Mt. Diablo 100, CA Felix Wong

This is a very enjoyable ride through Alameda and Contra Costa Counties. Mt. Diablo is kind of long but until the last 100 feet is a really gentle climb. See route sheet and logbook entry (both below) for a description of it.

Route Sheet

Total Segment Directions
0   Central Park in Fremont (near Stevenson/Paseo Padre intersection)
0   North on Paseo Padre
    R (south) on Mowry
    L (north) on Mission Blvd.
4   R (east) on Niles Canyon Rd. (CA-84)
  9.7 L (north) on Palomares
    R. (east-north) on Palo Verde
    R (east-south) on Dublin Canyon
    L (north) on Foothill Rd., which becomes San Ramon almost immediately
    R. (east) on Crow Canyon Rd.
    Straight (north) on Blackhawk Rd. at intersection of Crow Canyon/Tassajara Rd.
    R (east) on S. Gate Rd. (there will be a sign for Mt. Diablo at the Blackhawk/S. gate intersection)
41 11 Go all the way to the top of Mt. Diablo and enjoy the view!
52   At the top! Now follow the exact same way you came, but in reverse, all the way back to Foothill/Dublin Canyon Rd.
    Continue going south on Foothill Rd. to Sunol
  .2 L (south) on Bond St.
  .1 R. on Main St. (port-a-potty just beyond Bond/Main St. intersection on northside of Main St. in dirt parking area)
  6 Straight (west) to Niles Canyon Rd. (CA-84)
    L (south) on Mission Blvd.
    R (west) on Mowry
    L (south) on Paseo Padre
98   Back at Central Park/Lake Elizabeth in Fremont. Good job!

From the Logbook

November 10, 2001 (Sat)

I was scheduled to go up to the top of Mt. Diablo with the Tri-City Triathlon Club. However, I waited for 20 minutes and nobody had showed up! “Maybe because it’s supposed to rain today,” I thought. Undaunted, as the morning weather was actually quite nice, I went off on my own, making up my own route to the mountain.

Once I reached Palomares Rd. I was in complete solitude. There is lots of wildlife, shade, ranches, and even a winery. A gradual climb then led to a swift descent.

Through Pleasanton, Dublin, San Ramon, and then Danville/Blackhawk I went, relying on my sense of direction to get me to Mt. Diablo. I made a few errant turns and then had to backtrack, but alas! To the east of Blackhawk Rd. was a sign pointing me to Mt. Diablo. Up we go!

Midway up Mt. Diablo, I hear my name called out from riders descending the mountain… it’s Russ and Steve from the Tri-City Tri Club! They had gone up after all, though they started at the In’n’Out burger place in San Ramon instead of starting from Fremont. We chatted for 20 minutes, and learned that Steve was going to do his first marathon in about 20 years, his last one being when he was a teenager! Inspiring stuff..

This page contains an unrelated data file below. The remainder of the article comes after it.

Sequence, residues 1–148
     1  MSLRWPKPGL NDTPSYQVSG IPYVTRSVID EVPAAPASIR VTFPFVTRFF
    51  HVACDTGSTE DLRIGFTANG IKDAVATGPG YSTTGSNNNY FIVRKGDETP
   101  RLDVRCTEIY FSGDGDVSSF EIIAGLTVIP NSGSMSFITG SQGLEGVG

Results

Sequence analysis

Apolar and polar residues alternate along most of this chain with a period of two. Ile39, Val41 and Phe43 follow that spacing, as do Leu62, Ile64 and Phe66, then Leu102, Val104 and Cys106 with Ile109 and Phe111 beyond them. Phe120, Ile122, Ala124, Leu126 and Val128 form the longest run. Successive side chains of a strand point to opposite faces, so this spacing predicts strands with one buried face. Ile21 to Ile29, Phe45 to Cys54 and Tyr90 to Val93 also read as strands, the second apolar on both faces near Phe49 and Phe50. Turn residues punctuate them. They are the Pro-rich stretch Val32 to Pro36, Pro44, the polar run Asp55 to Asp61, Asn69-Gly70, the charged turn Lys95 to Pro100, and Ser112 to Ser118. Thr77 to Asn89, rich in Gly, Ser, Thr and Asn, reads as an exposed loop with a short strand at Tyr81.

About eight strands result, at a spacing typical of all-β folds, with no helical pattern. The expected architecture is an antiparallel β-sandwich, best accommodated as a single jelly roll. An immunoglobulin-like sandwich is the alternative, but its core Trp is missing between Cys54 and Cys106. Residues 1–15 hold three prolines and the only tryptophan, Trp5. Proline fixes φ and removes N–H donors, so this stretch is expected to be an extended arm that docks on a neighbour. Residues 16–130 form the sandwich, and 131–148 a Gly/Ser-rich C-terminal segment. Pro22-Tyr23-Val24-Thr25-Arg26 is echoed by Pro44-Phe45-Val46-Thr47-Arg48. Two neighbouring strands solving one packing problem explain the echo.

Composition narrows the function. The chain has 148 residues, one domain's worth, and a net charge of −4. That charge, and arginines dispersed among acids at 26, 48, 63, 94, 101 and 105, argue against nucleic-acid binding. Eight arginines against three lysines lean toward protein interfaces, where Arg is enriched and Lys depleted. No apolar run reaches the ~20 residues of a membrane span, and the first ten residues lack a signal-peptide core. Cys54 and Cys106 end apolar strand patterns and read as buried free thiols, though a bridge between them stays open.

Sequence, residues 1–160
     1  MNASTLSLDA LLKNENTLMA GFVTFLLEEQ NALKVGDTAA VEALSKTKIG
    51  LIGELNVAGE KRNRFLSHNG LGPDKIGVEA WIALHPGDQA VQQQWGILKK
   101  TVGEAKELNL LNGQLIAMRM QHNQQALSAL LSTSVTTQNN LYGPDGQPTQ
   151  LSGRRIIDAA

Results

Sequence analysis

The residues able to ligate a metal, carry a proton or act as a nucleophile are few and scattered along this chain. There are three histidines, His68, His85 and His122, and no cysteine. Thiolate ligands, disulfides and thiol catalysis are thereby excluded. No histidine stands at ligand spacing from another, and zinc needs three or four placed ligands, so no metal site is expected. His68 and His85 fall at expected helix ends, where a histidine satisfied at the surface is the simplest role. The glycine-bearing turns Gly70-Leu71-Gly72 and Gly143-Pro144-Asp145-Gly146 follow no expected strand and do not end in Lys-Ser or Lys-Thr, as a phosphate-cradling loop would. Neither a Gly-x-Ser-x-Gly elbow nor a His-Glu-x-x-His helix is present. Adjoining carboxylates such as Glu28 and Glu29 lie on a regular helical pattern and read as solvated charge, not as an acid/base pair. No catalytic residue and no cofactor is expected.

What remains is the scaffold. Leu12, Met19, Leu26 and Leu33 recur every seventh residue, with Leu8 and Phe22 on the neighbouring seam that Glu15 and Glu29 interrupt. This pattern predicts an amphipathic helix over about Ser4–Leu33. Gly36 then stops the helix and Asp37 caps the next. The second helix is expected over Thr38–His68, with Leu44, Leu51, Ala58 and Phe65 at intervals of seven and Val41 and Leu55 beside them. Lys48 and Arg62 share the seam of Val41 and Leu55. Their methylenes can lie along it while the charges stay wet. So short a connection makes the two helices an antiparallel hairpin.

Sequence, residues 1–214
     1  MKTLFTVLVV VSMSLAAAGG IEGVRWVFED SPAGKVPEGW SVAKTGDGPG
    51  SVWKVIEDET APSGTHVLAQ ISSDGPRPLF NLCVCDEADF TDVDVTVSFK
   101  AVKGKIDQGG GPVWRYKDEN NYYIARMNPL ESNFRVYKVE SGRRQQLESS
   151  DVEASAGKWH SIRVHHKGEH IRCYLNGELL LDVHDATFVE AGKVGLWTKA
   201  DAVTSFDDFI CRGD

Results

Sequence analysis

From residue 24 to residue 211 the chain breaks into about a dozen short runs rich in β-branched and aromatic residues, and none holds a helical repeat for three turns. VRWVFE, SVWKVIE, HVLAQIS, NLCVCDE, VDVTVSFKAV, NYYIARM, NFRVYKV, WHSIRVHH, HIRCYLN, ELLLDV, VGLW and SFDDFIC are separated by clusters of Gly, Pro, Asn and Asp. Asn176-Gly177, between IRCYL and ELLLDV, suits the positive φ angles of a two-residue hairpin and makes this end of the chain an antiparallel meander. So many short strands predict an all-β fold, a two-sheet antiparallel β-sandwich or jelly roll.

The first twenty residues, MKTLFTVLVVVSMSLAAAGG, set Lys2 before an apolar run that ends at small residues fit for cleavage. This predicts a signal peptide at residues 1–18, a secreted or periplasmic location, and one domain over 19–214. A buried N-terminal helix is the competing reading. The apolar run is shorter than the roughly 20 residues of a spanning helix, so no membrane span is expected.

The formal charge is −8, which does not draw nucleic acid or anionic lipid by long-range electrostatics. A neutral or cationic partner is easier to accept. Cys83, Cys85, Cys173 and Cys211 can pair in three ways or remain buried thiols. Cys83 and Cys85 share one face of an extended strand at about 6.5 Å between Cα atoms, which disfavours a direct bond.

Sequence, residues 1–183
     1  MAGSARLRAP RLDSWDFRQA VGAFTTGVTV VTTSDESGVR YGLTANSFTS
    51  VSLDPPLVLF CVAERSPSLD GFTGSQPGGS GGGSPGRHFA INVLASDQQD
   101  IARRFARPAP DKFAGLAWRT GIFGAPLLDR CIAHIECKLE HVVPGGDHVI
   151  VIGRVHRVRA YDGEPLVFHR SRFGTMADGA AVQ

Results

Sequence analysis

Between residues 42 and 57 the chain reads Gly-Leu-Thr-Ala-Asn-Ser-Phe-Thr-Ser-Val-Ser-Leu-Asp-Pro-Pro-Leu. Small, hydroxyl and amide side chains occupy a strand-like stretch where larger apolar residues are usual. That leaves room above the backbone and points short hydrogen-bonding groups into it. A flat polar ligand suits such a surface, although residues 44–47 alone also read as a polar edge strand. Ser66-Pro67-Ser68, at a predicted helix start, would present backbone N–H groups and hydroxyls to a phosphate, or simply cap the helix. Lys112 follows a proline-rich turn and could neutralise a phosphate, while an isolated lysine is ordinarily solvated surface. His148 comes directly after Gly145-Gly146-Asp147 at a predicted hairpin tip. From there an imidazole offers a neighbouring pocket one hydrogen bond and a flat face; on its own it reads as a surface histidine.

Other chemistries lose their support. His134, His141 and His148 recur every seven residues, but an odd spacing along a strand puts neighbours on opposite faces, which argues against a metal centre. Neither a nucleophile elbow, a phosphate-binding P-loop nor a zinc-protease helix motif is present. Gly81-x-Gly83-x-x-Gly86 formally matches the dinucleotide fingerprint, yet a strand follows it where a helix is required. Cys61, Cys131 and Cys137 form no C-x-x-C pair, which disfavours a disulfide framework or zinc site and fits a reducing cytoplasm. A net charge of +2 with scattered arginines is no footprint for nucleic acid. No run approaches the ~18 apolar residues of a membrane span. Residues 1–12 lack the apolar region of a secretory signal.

Slowly but surely I ascended the mountain, and stayed at the top for about 10 minutes. I overheard some foreign cyclists (perhaps from England?) and a local resident talk about the normal weather at the top. “I live right at the base of this mountain and have been up here many times,” said the local, “and usually it is much colder and windier up here. In fact, in winter there is usually snow up here. Perhaps as soon as 3 weeks from now!” It indeed was pretty mild for the top of the mountain but as I was cooling off already and it looked like storm clouds were coming in, I descended the mountain.

The descent is pretty nice, smooth and wide. Certainly more pleasant than the descent for Mt. Hamilton, which is quite treacherous. However, word had it that there were speedtraps in certain places on Mt. Diablo. No problem, I intended to take it safe and easy anyhow!

Back in Danville, I stopped at a Subway for a foot-long sandwich. It was then I got a call on my cell phone from one of my old biking buddies, Dan, whom I had not heard from in a while. How appropriate! He is now in North Carolina pursuing a MBA and Ph.D at Duke, but while he was living in the Bay Area we even rode the 1999 Davis Double together, a phenomenal ride. It was great to hear from him.

Back on the road, through Danville, San Ramon, and Dublin, I continued straight on through Pleasanton to Sunol via Foothill Rd. Showers started coming on down and it was starting to become late afternoon. I was getting a little cold, but as Foothill Rd. is so nice, I didn’t mind. Alameda County was named after the poplar- and cottonwood-lined streets of Spain (“los alamos”); I imagined this road was reminiscent of them.

Definitely a ride I’d do again!

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